1. What’s up with needing an invitation to Pinterest? Do they actually do some kind of research or something to make sure you’re not some kind of a rabble rouser or derelict? And how can they tell from my email address? I can just hear the conversation: “She uses comcast; probably a Communist.” Or are they going to evaluate my time-management skills to determine if I can enjoy the site without it destroying my ability to meet the obligations of my employment?
You’ll be relieved to know I’ve been accepted, although it calls to mind Mark Twain’s comment about being reluctant to be a member of a club which would have him as a member.
And this must be done on purpose, right? They aren’t actually that stupid?
Oh, just found out that I can’t join Pinterest without linking it to my facebook account. The Plot Thickens.
And no, thanks. Big Brother watches me enough, thank you. (And just because you’re paranoid doesn’t mean the world ISN’T out to get you.)
2. Drove an hour to pick up my mom at a meeting place after her last radiation treatment for a brain tumor. Was an hour early because Flaky Me transposed the hour of departure into the hour of arrival. Killed time at a book store that had more gifts than books, but I guess we all do what we have to to survive.
I did seriously consider buying a book of “Good Karma/Bad Karma” checks, but decided that, as entertaining as they were, I probably would never have the nerve to actually use one, although I would have liked to have had something to use on the the gum-chewing, rap-listening teeny-bopper ditz-brain who cut me off (from behind, which is difficult to do) at my last exit. A club might have come in hand. Apparently HER right blinker means she is going into the right lane, but MY right blinker doesn’t. Maybe I should award her a good karma check for her brazen tenacity in getting to that red light one car before me.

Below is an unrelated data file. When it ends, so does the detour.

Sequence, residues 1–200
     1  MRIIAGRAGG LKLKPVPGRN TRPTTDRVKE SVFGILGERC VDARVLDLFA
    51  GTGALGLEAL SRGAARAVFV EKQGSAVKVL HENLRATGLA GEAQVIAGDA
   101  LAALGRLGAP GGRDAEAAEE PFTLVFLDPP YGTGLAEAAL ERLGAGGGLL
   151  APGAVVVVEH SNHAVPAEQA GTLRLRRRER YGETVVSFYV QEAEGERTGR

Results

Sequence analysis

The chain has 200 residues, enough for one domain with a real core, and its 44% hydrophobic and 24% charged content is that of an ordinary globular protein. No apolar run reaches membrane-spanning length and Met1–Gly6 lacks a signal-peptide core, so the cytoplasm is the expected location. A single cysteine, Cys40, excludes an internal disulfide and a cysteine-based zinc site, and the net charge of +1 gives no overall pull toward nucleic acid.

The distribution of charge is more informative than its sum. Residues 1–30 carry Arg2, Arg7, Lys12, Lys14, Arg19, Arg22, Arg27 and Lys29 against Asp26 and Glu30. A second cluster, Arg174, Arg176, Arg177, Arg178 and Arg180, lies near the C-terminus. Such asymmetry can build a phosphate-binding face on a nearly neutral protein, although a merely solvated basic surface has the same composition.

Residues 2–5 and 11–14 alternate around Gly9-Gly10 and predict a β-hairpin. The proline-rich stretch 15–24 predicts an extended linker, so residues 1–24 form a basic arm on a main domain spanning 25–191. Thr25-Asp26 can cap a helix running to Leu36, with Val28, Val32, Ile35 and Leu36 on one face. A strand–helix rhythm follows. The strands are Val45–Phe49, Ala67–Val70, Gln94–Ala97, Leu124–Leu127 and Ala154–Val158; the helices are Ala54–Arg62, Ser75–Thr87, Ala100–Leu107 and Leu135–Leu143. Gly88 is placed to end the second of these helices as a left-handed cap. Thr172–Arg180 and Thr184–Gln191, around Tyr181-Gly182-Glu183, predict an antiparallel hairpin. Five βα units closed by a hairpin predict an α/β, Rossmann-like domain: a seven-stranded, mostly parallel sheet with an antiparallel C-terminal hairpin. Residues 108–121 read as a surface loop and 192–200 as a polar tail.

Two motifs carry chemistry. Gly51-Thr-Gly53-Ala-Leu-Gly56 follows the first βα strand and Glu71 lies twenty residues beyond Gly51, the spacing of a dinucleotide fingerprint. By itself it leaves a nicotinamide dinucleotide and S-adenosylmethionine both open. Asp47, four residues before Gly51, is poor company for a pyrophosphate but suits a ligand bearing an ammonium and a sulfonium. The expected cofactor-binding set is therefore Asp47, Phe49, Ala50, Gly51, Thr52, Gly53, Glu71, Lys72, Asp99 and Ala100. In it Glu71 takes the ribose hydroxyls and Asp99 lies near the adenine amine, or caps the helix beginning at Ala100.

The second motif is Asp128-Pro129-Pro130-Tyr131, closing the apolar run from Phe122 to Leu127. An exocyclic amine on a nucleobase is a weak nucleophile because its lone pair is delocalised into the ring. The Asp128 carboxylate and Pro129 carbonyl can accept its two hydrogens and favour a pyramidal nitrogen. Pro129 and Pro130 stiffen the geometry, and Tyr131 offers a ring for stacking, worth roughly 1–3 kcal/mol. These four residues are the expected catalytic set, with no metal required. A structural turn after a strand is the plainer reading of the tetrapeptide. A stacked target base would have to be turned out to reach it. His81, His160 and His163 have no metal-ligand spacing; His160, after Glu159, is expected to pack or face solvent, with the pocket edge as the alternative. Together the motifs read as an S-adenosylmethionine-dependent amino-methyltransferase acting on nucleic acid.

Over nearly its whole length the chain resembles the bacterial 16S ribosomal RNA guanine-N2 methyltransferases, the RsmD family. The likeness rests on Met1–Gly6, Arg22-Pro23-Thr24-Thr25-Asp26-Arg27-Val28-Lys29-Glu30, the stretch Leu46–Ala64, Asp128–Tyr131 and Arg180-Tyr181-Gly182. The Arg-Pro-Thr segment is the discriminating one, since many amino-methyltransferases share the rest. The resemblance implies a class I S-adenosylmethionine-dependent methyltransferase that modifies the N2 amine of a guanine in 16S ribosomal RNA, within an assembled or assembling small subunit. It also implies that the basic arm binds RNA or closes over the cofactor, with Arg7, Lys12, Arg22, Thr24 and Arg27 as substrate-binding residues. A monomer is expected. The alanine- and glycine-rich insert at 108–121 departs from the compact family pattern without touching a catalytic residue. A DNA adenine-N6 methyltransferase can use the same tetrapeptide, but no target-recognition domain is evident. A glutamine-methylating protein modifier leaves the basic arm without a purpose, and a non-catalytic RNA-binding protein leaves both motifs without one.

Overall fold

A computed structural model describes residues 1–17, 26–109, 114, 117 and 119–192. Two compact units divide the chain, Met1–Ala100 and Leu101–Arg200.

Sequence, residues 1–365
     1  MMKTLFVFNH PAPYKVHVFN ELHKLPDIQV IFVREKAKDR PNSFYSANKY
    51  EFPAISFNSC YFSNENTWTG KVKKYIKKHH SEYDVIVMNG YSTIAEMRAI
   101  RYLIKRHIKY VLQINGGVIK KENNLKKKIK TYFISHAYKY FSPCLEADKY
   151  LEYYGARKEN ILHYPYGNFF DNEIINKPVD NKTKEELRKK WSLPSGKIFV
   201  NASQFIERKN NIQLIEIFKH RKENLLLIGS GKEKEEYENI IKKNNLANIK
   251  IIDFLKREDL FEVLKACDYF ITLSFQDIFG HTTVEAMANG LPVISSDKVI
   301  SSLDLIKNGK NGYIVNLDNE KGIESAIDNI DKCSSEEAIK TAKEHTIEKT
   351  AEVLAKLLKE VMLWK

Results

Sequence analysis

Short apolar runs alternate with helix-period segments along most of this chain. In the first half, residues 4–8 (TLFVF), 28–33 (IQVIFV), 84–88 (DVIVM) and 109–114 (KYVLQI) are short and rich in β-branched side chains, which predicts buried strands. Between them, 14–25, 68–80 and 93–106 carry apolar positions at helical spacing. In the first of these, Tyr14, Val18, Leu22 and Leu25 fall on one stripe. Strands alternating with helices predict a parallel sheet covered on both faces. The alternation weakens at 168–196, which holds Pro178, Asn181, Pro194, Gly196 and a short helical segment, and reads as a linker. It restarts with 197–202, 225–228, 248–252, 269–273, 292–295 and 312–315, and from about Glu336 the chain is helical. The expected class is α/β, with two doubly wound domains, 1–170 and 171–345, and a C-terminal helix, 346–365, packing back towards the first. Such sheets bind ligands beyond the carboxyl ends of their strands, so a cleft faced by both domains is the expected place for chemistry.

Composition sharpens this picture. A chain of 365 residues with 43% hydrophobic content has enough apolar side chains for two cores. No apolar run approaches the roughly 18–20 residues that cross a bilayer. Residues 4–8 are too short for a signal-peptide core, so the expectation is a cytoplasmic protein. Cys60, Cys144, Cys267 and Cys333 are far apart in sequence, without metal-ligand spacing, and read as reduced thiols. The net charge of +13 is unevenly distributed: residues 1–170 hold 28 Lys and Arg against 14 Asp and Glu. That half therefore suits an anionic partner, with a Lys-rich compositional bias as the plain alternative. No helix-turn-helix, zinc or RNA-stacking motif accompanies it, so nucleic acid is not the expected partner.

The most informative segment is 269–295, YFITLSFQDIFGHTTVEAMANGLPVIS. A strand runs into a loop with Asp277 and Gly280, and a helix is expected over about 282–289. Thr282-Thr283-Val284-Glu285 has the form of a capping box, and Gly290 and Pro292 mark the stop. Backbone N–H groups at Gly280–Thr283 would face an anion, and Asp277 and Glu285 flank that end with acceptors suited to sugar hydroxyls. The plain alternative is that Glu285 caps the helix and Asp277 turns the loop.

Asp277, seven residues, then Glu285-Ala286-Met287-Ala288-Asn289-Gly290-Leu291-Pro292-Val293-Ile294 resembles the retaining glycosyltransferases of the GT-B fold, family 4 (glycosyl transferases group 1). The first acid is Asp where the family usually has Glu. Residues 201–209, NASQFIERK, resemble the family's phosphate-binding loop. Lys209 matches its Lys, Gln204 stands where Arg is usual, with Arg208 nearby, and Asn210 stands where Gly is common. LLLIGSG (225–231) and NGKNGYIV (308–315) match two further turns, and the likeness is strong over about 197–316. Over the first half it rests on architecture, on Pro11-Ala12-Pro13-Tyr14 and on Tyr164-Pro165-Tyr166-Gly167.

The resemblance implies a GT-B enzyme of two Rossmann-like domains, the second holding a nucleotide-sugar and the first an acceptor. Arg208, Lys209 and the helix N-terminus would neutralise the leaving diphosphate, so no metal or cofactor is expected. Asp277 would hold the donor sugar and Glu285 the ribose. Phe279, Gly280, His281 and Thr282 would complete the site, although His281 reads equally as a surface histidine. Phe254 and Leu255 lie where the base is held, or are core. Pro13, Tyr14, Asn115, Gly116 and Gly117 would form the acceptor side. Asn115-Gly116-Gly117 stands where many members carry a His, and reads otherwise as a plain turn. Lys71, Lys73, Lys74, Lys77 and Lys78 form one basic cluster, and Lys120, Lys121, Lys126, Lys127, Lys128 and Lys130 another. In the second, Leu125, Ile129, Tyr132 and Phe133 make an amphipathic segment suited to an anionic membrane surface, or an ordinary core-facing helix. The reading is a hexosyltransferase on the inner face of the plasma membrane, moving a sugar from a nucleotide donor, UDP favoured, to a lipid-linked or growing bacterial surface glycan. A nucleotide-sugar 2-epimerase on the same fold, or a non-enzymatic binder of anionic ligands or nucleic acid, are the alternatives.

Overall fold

Anyway, I bought two promising novels off the remaindered table, for $5.99 apiece. It’s the end of the world as we know it; the fall of the Roman Empire. Combine that with the prospect of Rick Perry as president and I need to either kill myself or move to Canada.
He needs one of those Tshirts
Mom reports that doctor is encouraging re: her desire to donate her body to science, as her prognosis has exceeded the usual prognosis for this type of cancer by about 4 years. Her response is that prayer has made all the difference. Does that mean that the people who died within the first year of their diagnosis weren’t prayed for? Or God didn’t love them? Or the people didn’t pray hard enough? Or God had “some other message,” which, in His infinite wisdom Has Not Yet Been Revealed?
I was a good daughter, and only mentioned the possibility that other people may have been prayed for, too, and then changed the subject to, well, something, I don’t remember. Now I know that her faith gives her a lot of comfort and hope etc., etc., but I just can’t reconcile the whole idea of God healing some people because of prayer and not others. It just doesn’t seem fair to me, and if there is a God, it seems like he ought to be, at the very least, fair.
I then drove 2 hours to meet a friend of hers, who was picking her up to deliver her home. I felt like it was a relay, and she was the baton.
All went well, and only a little behind schedule, and then
3. Waiting for Only Daughter’s choir to finish rehearsing, and this huge storm blows in. Hail, and gale-force winds, and heavy rain and all of the kids are Ooooohing and Aaaaahing and the director is pointing out that there’s no lightning (flash, boom) and no tornado sirens (Weather.com: Severe Thunderstorm Warning) etc. etc. to try to calm everyone down. Six minutes later it’s over.
I get home, and the power’s off.
4. Ate antelope stew from the slow cooker (I know, right?) and then washed the dishes with water from the dehumidifier. Prairie women got nothin’ on me.
5. Listening to NPR on the way home from O.D.’s choir. How cynical are we, that we report, with great aplomb, that the United States Government has seen fit to fund its activities for the next four days.
The power’s off until just now — 10 p.m.; 3 hours later.
This is typical for our neighborhood.
Only Daughter wonders if maybe we should move.
Now I need to go down and see if I can light the pilot on the water heater without setting my hair on fire. Like I did last time. And no, I wasn’t drunk at the time. They’re long, wussy, matches.